Photo Illustration by The Daily Beast/GettyIn the days leading up to Beto O’Rourke’s presidential campaign, a top Republican opposition research firm was brimming with requests from political reporters angling for dirt. America Rising, a political action committee that shared details of its internal inquiries with The Daily Beast, said the asks came from a dozen or more reporters and ranged from broad questions to more tailored points of interest. But 10 weeks after O’Rourke’s official launch, those requests are virtually nonexistent.“The requests for oppo on him have completely died off,” a staffer at the oppo group said.The lack of oppo requests suggests a larger problem looming over O’Rourke’s campaign: a visible decline in public interest. Once elevated to the top of Democratic watch-lists, the former congressman is now registering in single digits in several national polls, nosediving from 12 percent in a Quinnipiac poll conducted in March to just 5 percent in the same survey in April. And while he’s beginning to roll out new hires in key voting states, some say he’s already fallen behind other candidates whose field operations have been interfacing with voters for months. Beto O’Rourke Blew ItAmerica Rising, which has cornered the market on opposition research on the nearly two dozen presidential contenders, has tracked what it considers a steady decline in the public’s interest in O’Rourke. The Republican National Committee, known for slinging insults about Democrats into mainstream consciousness, has not received any requests from reporters for O’Rourke information in recent weeks, according to a senior official. Typically, a high level of curiosity in revealing a candidate’s political past is one indicator of their perceived viability. And a noticeable downtick in interest could signal an enthusiasm gap between where O’Rourke started and where he’s ended up in two months. O’Rourke, himself, seemed to acknowledge the flagging interest in a recent interview with MSNBC’s Rachel Maddow. “I recognize I can do a better job also of talking to a national audience,” O'Rourke said. “I hope that I’m continuing to do better over time, but we’ve been extraordinarily fortunate with the campaign that we’ve run so far.” His next big chance will be Tuesday night, when he’ll appear in his first CNN town hall at 10 p.m. from Drake University in Des Moines. The network has previously hosted such events for several of his rivals, giving a boost to some lesser-known candidates early into their campaigns. On Monday, O’Rourke told reporters he would participate in a Fox News town hall, a general-election strategy favored by some 2020 hopefuls as an attempt to reach voters beyond the traditional Democratic base. But according to an analysis shared with The Daily Beast by Media Matters, a nonprofit that tracks right-wing coverage, even Fox News’ daily mentions of O’Rourke online have visibly declined since he announced his bid, indicating that he may no longer be considered a serious threat as a Democratic contender. O’Rourke’s campaign sees it differently: “From my perspective there’s been no decline of oppo to respond to,” a source within the campaign said. Press requests from print and television outlets, including bookers in charge of getting candidates on the air, have not declined since the launch, the campaign source added. While it’s still early to plot ad buys—the Iowa caucuses are nine months away—a source who tracks ad information for multiple political campaigns says that O’Rourke’s failure to get into that world early coincides with a frenzied campaign that’s no longer top-of-mind for voters. “It fits with an overall theme of his campaign being a little disorganized,” the source who analyzes political ads said. “He had such a moment in 2018 but it seems to have fizzled out.”While no pollsters or ad makers have been hired, a source within O’Rourke’s campaign first told The Daily Beast that they have been in initial discussions with various polling, data, and analytics firms, as well as outfits who do campaign ads. Bringing on a pollster had not previously been a top priority, the source said, adding that the campaign has been focused on talking to voters in 154 town halls and traveling to 116 cities.O’Rourke has made recent inroads on the political staffing front, bringing on Jen O’Malley Dillon, Jeff Berman, and Rob Flaherty, top talent from Hillary Clinton and Barack Obama’s campaigns, among other recent national and state hires. But he has missed out on other high-level talent who wandered to other campaigns, multiple sources said.Meanwhile, other presidential campaigns have already hired staffers who previously worked with or expressed interest in O’Rourke. Shelby Cole, a top O’Rourke aide who helped him raise an eye-popping $80 million during his Senate campaign, joined California Sen. Kamala Harris’ team as its digital fundraising director. Emmy Ruiz, who served as Clinton’s state director in Nevada and Colorado in 2016, was thought to be seriously weighing joining O’Rourke before he announced, according to multiple Democratic sources unaffiliated with current campaigns. She later joined Harris as a senior adviser. One top Democratic operative admitted to eyeing O’Rourke for months, but changed candidate loyalty after reading his announcement article in Vanity Fair. “I was definitely interested in him back in January and February,” the veteran operative said, who has since joined another presidential campaign in a top position. “The Vanity Fair story fed a fear I had, which was that he was a little too fly-by-the-seat-of-his-pants,” the veteran operative said. “I just felt that he hadn’t totally thought this through. So that kind of soured me on him.”—Asawin Suebsaeng contributed reporting for this article.Read more at The Daily Beast.Got a tip? Send it to The Daily Beast hereGet our top stories in your inbox every day. 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What does America need to save its troubled F-35 stealth fighter?Turkey, that’s what.Turkish President Tayyip Erdogan recently warned that the multinational F-35 program, of which Turkey is a member, would fail if Turkey were excluded. Turkey is facing sanctions, including being dropped from the F-35 program if it goes ahead with purchasing Russia’s S-400 anti-aircraft missile system, which has raised Washington’s fears that F-35 secrets might be leaked to Russia. The U.S. has stopped shipping equipment to Turkey for that nation’s planned purchase of 100 F-35s, while the first two aircraft officially delivered to Turkey are still in the United States.For its part, Ankara is adamant that it has a right to purchase both American stealth fighters and Russian anti-aircraft missiles, despite the fact that the S-400 is one of the most likely Russian weapons to be used against the F-35. “We were surely not going to remain silent against our right to self-defense being disregarded and attempts to hit us where it hurts,” Erdogan said at a Turkish defense trade show. “This is the kind of process that is behind the S-400 agreement we reached with Russia.”“Nowadays, we are being subject to a similar injustice - or rather an imposition - on the F-35s ... Let me be frank: An F-35 project from which Turkey is excluded is bound to collapse completely.”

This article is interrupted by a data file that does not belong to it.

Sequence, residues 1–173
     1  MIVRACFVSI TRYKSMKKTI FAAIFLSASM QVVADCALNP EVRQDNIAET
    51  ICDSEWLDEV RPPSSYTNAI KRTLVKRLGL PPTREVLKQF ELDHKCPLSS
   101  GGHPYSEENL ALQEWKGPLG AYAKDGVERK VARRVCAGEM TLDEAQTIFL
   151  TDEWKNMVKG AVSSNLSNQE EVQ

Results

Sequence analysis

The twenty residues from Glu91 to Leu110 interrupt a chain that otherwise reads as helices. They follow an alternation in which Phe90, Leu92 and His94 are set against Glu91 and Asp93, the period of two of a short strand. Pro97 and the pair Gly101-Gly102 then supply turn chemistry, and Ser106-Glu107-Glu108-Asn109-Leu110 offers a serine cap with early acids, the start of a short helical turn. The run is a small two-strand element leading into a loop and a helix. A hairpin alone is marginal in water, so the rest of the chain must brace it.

The view that John Bolton is driving Trump into military confrontation with America's principal foe in the Middle East is spreading across the globe.